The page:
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What Is a Healthy Ecosystem?

2008 April 23

About the author: Dr. Robert Lackey is a 27-year veteran senior scientist in EPA’s Office of Research and Development’s Corvallis, Oregon research laboratory.

Bob LackeyVery young children have a habit of asking innocent, but thorny questions. My grandson, however, has reached an age where innocence no longer passes for an excuse for his questions; he knows enough now that his questions reflect the traits of a budding intellectual troublemaker.

A case in point: here is my answer to his question about the increasingly popular term: ecosystem health.

“Grandpa, in school today in my science class, we talked about healthy ecosystems. My teacher says that when we are not feeling well, we go to a doctor to find out how to get healthy. If I have a sick ecosystem, she says that I should go to a scientist find out how to make the ecosystem healthy. Dad says you are a scientist, so what is a healthy ecosystem?”

It is a good question and one that I, as a research scientist who has worked on such issues for over 40 years, should be able to answer with ease.

This seemingly straightforward question, however, does not have a simple answer. Further, the answer requires a clear understanding of the proper role of science in a democracy (PDF) (7 pp., 39K) Link to EPA's External Link Disclaimer.

First, how is a person to recognize a healthy ecosystem? Many might identify the healthiest ecosystems as those that are pristine. But what is the pristine state of an ecosystem? Is it the condition of North America prior to alterations caused by European immigrants, say 1491? Or perhaps it is the condition of the land sometime well after the arrival of immigrants who came by way of the Bering land bridge, say 1,000 years ago? Or maybe it is the state of North America prior to the arrival of any humans, say more than 15,000 years ago?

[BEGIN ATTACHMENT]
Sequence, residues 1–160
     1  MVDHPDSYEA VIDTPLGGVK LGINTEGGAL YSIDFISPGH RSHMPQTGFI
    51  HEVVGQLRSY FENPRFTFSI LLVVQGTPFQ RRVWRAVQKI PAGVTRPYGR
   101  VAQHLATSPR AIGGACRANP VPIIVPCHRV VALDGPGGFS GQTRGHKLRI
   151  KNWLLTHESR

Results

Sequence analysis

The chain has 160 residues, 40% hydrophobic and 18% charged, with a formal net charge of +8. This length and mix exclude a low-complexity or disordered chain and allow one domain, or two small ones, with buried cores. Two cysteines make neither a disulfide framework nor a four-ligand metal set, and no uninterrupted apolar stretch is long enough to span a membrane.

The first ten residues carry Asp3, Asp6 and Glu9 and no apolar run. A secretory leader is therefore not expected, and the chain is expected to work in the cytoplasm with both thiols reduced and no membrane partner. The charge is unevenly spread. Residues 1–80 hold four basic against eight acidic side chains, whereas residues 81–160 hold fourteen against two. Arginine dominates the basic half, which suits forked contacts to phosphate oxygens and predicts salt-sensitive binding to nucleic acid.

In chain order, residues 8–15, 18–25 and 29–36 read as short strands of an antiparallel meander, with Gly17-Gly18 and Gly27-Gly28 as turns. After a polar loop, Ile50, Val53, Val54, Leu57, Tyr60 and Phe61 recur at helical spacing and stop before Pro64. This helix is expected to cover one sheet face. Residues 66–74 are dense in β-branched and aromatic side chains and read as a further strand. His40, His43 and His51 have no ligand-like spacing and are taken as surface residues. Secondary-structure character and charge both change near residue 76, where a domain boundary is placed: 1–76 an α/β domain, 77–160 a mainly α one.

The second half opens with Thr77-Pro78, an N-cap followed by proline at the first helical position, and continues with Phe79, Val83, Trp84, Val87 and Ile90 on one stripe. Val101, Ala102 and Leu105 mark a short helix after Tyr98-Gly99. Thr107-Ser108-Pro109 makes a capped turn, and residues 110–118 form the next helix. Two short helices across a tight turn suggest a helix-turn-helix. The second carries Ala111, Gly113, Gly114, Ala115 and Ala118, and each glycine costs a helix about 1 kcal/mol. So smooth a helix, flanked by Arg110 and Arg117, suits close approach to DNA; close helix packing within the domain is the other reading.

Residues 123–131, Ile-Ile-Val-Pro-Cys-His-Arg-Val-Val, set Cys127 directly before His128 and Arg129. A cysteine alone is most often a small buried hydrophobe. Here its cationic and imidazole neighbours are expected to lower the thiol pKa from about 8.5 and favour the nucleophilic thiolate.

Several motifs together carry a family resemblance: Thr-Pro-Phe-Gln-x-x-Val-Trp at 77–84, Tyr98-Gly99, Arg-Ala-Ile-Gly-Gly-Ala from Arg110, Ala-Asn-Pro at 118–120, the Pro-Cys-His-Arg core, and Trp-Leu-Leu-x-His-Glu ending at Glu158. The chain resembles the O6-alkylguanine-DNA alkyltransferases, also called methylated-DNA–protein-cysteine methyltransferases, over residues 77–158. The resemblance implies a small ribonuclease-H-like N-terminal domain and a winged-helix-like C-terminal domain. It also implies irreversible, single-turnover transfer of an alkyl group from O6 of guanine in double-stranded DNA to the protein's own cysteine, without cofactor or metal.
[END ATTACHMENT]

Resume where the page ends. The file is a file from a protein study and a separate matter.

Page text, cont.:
Ultimately it is a policy decision (PDF) (16 pp., 173K) Link to EPA's External Link Disclaimer that will specify the desired state of an ecosystem. It is a choice, a preference, a goal.

Scientists can provide options, alternatives, and possibilities, but ultimately in a democracy it is society that chooses from among the possible goals (PDF) (6 pp., 157K) Link to EPA's External Link Disclaimer.

A malarial infested swamp in its natural state could be defined as a healthy ecosystem, as could the same land converted to an intensively managed rice paddy. Neither the swamp nor the rice paddy can be seen as a “healthy” ecosystem except through the lens of a person’s values or policy goals.

Once the desired state of an ecosystem is specified by someone, or by society overall through laws and regulation, scientists can determine how close we are to achieving that goal. They might even offer some approaches that might better achieve the goal. Ultimately, though, it is society (PDF) (5 pp., 21K) Link to EPA's External Link Disclaimer that defines the goal, not scientists. One person’s sick ecosystem is another person’s healthy ecosystem.

So the answer to my grandson’s provocative question is that human health is not an appropriate metaphor for ecosystem health. There is no inherently “healthy” state of ecosystems except when viewed from the perspective of societal values.

Pristine ecosystems (wilderness watersheds, Antarctica, uninhabited tundra) are certainly very different than highly altered ecosystems (farms, city parks, harbors) but neither a pristine ecosystem nor a highly altered ecosystem is scientifically better or worse — just different.

Editor's Note: The opinions expressed here are those of the author. They do not reflect EPA policy, endorsement, or action, and EPA does not verify the accuracy or science of the contents of the blog.

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17 Responses leave one →
  1. Sue Hecht permalink
    April 23, 2008

    Nice job explaining it in simple, straight forward terms. I like it.

  2. Patraig permalink
    April 23, 2008